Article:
It would be astounding if there were never a situation in which a lie was effective in producing a good result, i.e. a noble lie. But is a rule of noble lies effective? In a long sequence of calls to war, how many have been just and wise and how many have been driven by vainglorious leaders and foolish pride–so which army do you want? I prefer the silver.
Note also that Dennett mixes narrow self interest and rationality in his description of “economists.” But one can be fully rational without being narrowly self-interested. Dennett, for example, cheats a bit with his puzzle. The premise is some “horrific, terrible enemy” but then later the economists ask “am I so sure this cause is just”, to which the answer should be, given the premise, yes. In which case fighting is a rational response.
Instead of long beards and robes, they wear track suits and T-shirts. Their tablets are electronic, not hewn of stone, and they hold smartphones, not staffs. They may not look the part, but this ragtag group of Israelis is training to become the next generation of prophets.
For just 200 shekels, about $53, and in only 40 short classes, the Cain and Abel School for Prophets says it will certify anyone as a modern-day Jewish soothsayer.
The school, which launched classes this month, has baffled critics, many of whom have dismissed it as a blasphemy or a fraud.
Here is more, and for the pointer I thank Asher Meir. By the way, I found this to be an especially odd and ineffective response:
“There is no way to teach prophecy,” said Rachel Elior, a professor of Jewish thought at Jerusalem’s Hebrew University. “It’s like opening a school for becoming Einstein or Mozart.”
I wonder what Bryan Caplan will think of this line:
Hapartzy can’t guarantee his course will give his students a direct line to God. But, he says, the syllabus provides the essential tools to bring out the prophet in anyone.
Here is another oddly incorrect statement:
Roie Greenvald, a 27-year-old tennis instructor attending the classes, also showed some skepticism. While he expressed interest in the spiritual development the course offers, one crucial detail stands in the way of his religious elevation.
“I’m not going to become a prophet,” he said. “I don’t think it pays very well.”
The school takes on all comers and it is run by a Russian immigrant and software engineer.
Maybe you are hoping that God will make the check a good one? From the Western Wall in Jerusalem:
Rabbi Shmuel Rabinovitch, who oversees Jerusalem’s Western Wall, said a worshipper found an envelope at the site Wednesday with 507 checks in the amount of about $1 million each. They were not addressed to anyone, and it’s doubtful they can be cashed.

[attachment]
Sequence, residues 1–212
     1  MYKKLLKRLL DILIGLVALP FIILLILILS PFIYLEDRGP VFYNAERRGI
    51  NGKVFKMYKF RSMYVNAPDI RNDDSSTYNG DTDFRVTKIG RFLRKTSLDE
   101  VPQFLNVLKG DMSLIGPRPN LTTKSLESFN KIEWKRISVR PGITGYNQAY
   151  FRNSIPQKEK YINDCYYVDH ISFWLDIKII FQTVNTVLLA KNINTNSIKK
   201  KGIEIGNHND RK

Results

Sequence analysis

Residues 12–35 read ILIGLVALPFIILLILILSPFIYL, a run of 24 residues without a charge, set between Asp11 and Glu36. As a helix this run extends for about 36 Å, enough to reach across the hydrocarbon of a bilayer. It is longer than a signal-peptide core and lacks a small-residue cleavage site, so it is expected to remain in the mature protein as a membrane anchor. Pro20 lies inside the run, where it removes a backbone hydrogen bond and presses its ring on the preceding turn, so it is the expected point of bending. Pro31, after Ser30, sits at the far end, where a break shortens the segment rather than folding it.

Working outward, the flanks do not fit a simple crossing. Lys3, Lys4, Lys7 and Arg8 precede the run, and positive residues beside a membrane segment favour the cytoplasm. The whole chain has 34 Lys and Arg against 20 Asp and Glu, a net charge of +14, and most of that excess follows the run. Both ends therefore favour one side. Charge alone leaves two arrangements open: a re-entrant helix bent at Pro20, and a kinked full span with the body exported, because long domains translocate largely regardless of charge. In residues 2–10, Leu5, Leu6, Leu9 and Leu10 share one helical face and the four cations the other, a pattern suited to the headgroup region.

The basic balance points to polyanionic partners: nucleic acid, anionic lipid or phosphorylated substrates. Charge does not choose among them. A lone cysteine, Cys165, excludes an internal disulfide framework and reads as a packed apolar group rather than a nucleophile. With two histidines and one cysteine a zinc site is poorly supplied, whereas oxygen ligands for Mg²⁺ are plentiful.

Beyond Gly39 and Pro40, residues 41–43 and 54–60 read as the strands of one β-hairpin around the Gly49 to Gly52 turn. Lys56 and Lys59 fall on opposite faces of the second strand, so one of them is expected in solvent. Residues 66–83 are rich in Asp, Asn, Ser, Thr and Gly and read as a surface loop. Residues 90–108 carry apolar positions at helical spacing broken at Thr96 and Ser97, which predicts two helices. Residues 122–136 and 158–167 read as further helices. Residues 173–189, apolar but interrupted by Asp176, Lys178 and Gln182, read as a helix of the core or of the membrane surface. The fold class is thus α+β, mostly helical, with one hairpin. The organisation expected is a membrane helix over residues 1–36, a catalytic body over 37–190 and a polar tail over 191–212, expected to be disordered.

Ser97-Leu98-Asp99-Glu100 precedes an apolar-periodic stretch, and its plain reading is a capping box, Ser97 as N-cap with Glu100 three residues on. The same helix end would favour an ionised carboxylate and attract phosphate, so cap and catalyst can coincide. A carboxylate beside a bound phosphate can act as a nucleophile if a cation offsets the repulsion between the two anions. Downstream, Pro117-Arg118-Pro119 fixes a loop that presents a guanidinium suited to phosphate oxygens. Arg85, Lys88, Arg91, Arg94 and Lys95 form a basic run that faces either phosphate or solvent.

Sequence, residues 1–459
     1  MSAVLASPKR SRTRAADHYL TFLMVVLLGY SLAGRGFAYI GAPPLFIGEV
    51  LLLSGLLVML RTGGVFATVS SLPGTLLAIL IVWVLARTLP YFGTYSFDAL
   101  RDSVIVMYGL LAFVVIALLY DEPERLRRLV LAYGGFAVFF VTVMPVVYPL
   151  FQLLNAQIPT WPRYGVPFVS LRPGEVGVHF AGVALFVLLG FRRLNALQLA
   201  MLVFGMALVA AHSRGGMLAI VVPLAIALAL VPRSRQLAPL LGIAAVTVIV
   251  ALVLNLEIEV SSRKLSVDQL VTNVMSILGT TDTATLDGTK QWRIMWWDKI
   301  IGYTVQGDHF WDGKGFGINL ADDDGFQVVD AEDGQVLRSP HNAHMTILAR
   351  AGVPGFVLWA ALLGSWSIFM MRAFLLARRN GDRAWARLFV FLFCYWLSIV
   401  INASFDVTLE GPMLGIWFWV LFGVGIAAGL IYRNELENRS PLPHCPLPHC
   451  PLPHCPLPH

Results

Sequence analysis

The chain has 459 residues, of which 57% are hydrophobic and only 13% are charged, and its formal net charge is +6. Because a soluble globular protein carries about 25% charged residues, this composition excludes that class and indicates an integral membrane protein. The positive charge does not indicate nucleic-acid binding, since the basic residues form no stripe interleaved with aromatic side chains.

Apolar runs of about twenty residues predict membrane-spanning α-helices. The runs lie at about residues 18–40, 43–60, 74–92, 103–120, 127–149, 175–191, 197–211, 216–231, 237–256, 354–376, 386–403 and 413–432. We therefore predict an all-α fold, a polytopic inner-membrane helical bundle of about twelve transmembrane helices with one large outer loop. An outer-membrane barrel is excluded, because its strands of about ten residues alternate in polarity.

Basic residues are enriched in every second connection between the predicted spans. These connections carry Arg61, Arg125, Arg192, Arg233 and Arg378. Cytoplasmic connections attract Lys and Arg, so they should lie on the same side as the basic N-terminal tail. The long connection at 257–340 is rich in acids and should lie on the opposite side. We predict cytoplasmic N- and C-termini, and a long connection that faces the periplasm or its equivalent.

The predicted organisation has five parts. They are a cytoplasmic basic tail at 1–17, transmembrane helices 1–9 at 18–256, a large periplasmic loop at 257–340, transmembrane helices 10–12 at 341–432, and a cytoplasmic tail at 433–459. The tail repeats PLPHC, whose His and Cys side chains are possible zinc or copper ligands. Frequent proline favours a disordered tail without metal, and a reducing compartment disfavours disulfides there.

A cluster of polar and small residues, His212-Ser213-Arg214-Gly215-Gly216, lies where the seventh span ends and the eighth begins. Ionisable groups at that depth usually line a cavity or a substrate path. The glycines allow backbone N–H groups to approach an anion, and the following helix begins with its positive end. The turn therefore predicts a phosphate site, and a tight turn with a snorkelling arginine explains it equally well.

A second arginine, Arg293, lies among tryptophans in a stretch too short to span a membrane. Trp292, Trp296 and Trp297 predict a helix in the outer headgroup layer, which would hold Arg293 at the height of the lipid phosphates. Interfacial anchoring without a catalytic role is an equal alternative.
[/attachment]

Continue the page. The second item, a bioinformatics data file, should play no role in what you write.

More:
Rabinovitch said most are Nigerian. Israeli police spokesman Micky Rosenfeld said some were from the United States, Europe and Asia.
The story is here and for the pointer I thank Mark Thorson.
As the eldest of the three-man team, Mr. Guha. 29, said, he is fluent in 22 subjects related to five-star doting, which include in-room dining, knowledge of international customs and, of course, complaint handling. His skills also extend to fixing the remote, getting spots off the carpet and something called “power dressing.” Mr. Guha says that his primary role, however, is to act as a super-efficient liaison between the guest and the hotel staff — part fixer, part personal assistant, and all yes-man.
“I would never consider a request to be bizarre; we always say it’s challenging,” Mr. Guha said. “I have always been taught that guest is god, and god cannot have a bizarre request.”
Of course I interpret this last quotation in entirely Straussian fashion (furthermore he doesn’t say it’s true, only that he has been taught as such, a classic Straussian move). Here is more, interesting throughout, and for the pointer I thank Apoorv Trivedi.
That is a new paper by Dan M. Kahan, at Yale Law School, and it has to do with what I call “mood affiliation”:
Social psychologists have identified various plausible sources of ideological polarization over climate change, gun violence, national security, and like societal risks. This paper reports a study of three of them: the predominance of heuristic-driven information processing by members of the public; ideologically motivated cognition; and personality-trait correlates of political conservativism. The results of the study suggest reason to doubt two common surmises about how these dynamics interact. First, the study presents both observational and experimental data inconsistent with the hypothesis that political conservatism is distinctively associated with closed-mindedness: conservatives did no better or worse than liberals on an objective measure of cognitive reflection; and more importantly, both demonstrated the same unconscious tendency to fit assessments of empirical evidence to their ideological predispositions. Second, the study suggests that this form of bias is not a consequence of overreliance on heuristic or intuitive forms of reasoning; on the contrary, subjects who scored highest in cognitive reflection were the most likely to display ideologically motivated cognition. These findings corroborated the hypotheses of a third theory, which identifies motivated cognition as a form of information processing that rationally promotes individuals’ interests in forming and maintaining beliefs that signify their loyalty to important affinity groups. The paper discusses the normative significance of these findings, including the need to develop science communication strategies that shield policy-relevant facts from the influences that turn them into divisive symbols of identity.